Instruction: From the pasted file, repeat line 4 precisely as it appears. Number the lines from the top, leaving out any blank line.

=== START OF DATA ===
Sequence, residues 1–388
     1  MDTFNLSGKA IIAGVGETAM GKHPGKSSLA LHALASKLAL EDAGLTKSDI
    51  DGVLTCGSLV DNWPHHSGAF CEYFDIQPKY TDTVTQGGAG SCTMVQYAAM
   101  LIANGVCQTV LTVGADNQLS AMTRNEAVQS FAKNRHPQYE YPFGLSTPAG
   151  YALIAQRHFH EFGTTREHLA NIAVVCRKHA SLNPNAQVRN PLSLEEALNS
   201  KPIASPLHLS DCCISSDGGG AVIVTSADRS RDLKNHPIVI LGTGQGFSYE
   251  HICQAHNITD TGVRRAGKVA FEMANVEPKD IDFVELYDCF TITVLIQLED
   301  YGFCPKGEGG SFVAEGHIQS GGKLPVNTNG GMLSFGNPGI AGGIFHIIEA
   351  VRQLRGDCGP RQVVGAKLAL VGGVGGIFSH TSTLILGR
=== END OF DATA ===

   101  LIANGVCQTV LTVGADNQLS AMTRNEAVQS FAKNRHPQYE YPFGLSTPAG